2) Communist Block. Russia & China. To the extent the West folds, they win.

    3) Soros. He loves destroying things to buy then cheap. Now working on whole countries.

    4) Globalists, for reasons I can’t quite figure out. Making the world one level playing field? Harvesting crops of Subsidy Money?

    Somewhere there’s some real massive hate going on. Resentment of the success of the USA post W.W.II and a desire to damage it. Hard to fathom it, but that’s what explains things best.

    But realistically, look at that chart. Over 80% of total world energy comes from fossil fuels. Eventually they will run out (in a few hundred years) so we WILL need to transition off them. But not, I think, today. When that time comes, what source of energy is about the same cost as at present (very competitive), available in essentially unlimited quantities for millions of years, and a well proven technology, that works around the clock and on demand? Nuclear.

    It is also the one technology that breaks the money flow cycle back to fossil fuel supplying countries. Want to make OPEC irrelevant and Russian Gas & Oil unimportant during European winters? Build a large nuclear generation capacity.

    So who might be against that? Who might be pushing to make it expensive and banned? Funding and promoting rabid Green Policies? Just sayin’…

    I take solace in the knowledge that the technology all exists, is shown to work, and is reasonably economical. Whenever folks get desperate enough (after solar and wind are shown to be too costly, unreliable, and insufficient) it will be easy to just go to the Nuclear Tech Closet, open it, and take out what works…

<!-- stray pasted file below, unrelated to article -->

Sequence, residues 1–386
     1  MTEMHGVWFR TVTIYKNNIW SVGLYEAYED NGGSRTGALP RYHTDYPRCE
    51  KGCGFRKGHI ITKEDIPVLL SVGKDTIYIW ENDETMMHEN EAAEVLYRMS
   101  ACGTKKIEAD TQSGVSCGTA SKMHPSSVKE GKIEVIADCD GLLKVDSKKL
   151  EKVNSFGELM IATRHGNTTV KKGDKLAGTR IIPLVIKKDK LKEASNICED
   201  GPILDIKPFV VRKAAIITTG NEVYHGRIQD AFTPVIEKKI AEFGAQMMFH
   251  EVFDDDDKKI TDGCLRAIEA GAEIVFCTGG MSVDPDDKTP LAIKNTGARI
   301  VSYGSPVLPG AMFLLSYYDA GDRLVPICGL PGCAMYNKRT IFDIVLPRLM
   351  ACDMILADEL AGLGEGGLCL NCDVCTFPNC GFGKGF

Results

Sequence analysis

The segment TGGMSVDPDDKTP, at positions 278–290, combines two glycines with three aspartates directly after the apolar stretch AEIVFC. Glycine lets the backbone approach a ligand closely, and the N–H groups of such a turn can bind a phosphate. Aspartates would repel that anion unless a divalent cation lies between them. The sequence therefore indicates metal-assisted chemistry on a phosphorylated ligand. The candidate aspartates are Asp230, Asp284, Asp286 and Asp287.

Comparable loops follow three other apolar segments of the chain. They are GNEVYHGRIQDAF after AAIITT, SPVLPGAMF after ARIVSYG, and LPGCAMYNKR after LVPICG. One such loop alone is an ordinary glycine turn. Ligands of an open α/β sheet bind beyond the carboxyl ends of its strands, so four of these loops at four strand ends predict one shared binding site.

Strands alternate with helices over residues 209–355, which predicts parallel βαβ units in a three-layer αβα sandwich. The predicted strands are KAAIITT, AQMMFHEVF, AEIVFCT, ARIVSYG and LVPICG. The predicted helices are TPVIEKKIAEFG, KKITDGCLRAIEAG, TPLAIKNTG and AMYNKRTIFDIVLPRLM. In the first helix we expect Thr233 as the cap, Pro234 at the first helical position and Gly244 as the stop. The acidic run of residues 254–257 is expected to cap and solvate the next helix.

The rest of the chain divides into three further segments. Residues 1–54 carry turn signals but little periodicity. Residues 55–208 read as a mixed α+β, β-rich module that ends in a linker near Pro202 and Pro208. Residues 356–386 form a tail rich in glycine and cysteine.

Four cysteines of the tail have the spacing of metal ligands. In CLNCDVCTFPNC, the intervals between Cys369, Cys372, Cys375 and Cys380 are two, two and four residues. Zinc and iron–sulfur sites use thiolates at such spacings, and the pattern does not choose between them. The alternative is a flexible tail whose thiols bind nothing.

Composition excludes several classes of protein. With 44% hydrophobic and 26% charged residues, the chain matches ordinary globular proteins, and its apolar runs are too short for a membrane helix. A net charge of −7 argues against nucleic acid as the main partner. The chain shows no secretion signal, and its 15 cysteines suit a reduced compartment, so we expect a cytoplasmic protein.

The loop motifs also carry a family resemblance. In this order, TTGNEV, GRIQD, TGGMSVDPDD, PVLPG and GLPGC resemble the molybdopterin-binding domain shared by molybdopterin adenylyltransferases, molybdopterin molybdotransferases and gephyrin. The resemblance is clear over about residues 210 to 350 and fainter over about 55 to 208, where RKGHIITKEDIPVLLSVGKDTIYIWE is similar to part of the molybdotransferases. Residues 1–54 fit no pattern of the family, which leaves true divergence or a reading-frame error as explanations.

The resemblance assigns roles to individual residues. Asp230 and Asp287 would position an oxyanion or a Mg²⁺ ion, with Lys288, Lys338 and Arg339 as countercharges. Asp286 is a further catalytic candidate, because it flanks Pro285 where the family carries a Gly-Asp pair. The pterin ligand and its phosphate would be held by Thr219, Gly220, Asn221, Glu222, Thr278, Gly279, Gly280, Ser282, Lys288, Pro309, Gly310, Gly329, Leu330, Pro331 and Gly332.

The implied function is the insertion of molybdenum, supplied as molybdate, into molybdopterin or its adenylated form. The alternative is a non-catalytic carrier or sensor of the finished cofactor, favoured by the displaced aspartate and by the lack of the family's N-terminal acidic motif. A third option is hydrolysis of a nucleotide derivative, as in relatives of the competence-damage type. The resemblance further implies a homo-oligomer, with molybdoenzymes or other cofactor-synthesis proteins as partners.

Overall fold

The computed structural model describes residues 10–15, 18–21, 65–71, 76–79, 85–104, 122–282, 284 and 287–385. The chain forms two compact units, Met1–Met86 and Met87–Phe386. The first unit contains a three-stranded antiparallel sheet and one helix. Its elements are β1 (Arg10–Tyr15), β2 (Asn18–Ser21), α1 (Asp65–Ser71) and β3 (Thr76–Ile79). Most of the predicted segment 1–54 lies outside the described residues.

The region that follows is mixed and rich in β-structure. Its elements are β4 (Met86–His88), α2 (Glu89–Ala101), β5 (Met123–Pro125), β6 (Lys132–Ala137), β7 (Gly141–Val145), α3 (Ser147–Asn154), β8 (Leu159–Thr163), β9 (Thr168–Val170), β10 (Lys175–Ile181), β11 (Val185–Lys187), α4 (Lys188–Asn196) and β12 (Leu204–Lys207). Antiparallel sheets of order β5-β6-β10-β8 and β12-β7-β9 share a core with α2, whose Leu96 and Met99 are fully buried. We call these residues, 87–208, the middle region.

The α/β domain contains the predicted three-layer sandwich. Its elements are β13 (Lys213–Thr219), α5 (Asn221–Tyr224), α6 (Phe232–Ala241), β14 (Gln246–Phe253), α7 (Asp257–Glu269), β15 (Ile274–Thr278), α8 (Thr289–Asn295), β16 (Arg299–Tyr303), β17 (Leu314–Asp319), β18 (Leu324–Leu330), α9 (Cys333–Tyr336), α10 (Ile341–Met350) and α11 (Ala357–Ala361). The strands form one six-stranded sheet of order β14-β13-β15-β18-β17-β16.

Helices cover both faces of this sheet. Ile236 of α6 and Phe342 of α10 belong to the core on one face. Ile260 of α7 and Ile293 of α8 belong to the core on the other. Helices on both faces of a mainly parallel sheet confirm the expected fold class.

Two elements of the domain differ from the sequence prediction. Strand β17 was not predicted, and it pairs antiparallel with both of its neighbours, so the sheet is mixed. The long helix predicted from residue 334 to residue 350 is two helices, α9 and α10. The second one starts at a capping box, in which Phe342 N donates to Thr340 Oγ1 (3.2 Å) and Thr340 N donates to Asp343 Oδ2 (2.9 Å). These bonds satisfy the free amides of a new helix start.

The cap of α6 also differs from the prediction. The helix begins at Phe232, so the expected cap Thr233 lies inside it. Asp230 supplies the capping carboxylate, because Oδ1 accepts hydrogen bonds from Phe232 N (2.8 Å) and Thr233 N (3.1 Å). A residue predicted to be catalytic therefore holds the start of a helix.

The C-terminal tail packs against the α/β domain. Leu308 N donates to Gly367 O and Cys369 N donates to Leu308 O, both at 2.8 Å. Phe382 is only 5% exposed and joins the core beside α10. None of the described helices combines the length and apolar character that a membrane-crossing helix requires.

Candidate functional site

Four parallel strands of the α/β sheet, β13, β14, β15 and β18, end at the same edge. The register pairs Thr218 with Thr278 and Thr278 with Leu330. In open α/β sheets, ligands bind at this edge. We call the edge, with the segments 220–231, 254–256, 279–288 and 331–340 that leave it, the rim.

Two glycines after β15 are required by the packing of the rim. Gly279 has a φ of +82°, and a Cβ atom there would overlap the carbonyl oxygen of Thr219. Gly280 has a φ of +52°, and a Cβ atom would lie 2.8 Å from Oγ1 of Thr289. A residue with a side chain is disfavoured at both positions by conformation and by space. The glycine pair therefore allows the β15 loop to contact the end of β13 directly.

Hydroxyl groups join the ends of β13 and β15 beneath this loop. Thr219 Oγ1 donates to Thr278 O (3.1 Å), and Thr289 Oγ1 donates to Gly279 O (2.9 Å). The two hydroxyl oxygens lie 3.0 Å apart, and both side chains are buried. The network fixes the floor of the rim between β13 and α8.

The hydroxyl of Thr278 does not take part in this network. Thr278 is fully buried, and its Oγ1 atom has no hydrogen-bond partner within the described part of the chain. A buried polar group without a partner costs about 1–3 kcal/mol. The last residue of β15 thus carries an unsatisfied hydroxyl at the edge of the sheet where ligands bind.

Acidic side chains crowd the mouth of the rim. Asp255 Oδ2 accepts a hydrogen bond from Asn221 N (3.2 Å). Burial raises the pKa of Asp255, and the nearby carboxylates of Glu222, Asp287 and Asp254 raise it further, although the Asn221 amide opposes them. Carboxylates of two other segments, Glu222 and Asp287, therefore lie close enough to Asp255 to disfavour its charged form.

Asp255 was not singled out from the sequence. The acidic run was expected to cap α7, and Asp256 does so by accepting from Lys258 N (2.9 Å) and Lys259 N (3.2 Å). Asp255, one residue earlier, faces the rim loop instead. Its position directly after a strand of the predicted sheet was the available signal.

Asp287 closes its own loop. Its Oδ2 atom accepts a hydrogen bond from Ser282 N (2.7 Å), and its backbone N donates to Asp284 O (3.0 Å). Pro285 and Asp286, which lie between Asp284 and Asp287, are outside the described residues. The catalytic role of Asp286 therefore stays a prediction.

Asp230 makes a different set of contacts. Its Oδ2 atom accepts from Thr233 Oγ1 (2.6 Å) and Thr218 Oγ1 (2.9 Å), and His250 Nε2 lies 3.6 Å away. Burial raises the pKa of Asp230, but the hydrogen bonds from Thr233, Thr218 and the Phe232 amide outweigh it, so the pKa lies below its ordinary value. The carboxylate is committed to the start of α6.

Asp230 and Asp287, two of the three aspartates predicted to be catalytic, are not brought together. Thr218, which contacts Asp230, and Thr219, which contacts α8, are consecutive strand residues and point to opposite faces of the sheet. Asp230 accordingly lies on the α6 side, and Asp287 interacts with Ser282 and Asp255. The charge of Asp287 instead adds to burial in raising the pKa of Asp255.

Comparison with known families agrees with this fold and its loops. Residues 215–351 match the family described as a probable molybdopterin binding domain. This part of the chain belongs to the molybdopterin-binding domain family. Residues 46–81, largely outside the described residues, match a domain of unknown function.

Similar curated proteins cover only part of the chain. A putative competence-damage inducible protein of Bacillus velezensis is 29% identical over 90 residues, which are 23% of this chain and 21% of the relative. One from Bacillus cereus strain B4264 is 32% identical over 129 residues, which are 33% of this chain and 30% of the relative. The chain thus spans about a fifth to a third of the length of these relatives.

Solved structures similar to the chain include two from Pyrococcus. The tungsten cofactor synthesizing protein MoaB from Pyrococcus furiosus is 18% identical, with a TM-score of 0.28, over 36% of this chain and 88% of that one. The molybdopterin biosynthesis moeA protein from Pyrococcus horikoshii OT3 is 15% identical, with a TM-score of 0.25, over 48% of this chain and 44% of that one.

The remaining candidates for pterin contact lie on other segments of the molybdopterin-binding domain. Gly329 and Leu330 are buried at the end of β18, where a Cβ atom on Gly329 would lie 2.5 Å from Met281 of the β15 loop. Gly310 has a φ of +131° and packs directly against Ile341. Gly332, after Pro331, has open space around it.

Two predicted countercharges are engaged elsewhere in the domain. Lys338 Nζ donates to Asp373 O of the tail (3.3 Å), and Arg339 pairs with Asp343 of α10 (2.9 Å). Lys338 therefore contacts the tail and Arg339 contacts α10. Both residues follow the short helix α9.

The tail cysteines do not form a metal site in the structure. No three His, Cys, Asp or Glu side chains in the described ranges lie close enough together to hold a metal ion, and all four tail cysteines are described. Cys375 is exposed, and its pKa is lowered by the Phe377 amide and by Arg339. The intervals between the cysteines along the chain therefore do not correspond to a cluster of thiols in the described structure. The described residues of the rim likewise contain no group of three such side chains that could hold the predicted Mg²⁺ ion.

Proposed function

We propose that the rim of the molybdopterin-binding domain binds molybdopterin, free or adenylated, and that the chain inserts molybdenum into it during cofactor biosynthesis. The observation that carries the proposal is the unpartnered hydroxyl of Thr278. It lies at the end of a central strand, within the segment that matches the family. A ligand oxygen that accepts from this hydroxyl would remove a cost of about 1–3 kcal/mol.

10. H.R. says:

    Darn cat! That’ll teach me to turn off the computer before going to bed.

  11. EM – I’ve been getting more and more heretical the deeper I dive into the foundations of physics. Though this is off-topic for climate feedback follies, it is relevant to the energy problem. is the result of asking “why is momentum conserved”, which is another silly question when it’s an axiom. Following that rabbit hole to its logical conclusion, it turns out that momentum is not actually conserved after all, and that the energy used in accelerating a mass is not necessarily related to the kinetic energy gained by that mass as a result of its velocity. Despite having started off with the idea that we can’t make energy out of nothing, the logical conclusion is that in fact we can. Newton’s law that any action has an equal and opposite reaction is only true for situations where the field strength is not varying, and when we use a varying field then we need to take into account the time it takes for a change in that field to propagate.

    Of course, I’m working on the experimental proof of this, since I don’t expect many people to just accept such a wild claim. Still, people are welcome to try to find any error in the logic that led to this deduction. Still, if there aren’t any errors in the derivation, it’s going to be possible in future to make as much energy as we want at very little cost (the devices have no moving parts and the drivers are solid state, so nothing to wear out and good design can make them very long-lasting, though for simplicity we may use rotary generators to start with). Still, replacing a set of bearings when they wear out isn’t a large downside.

    If I’m right, we may not need nuclear power. Please see if you can find any error in the logic.

  12. jim2 says:

    @ossqss says: 27 May 2018 at 4:57 am

    Oh, I see you’ve put up a chart illustrating the fuel breakdown for electric cars.

  13. E.M.Smith says:


    I read it last time you linked to it. Fascinating idea. Was going to put up an article about it but so far all I’ve got to contribute is “Hmmm… Golly.”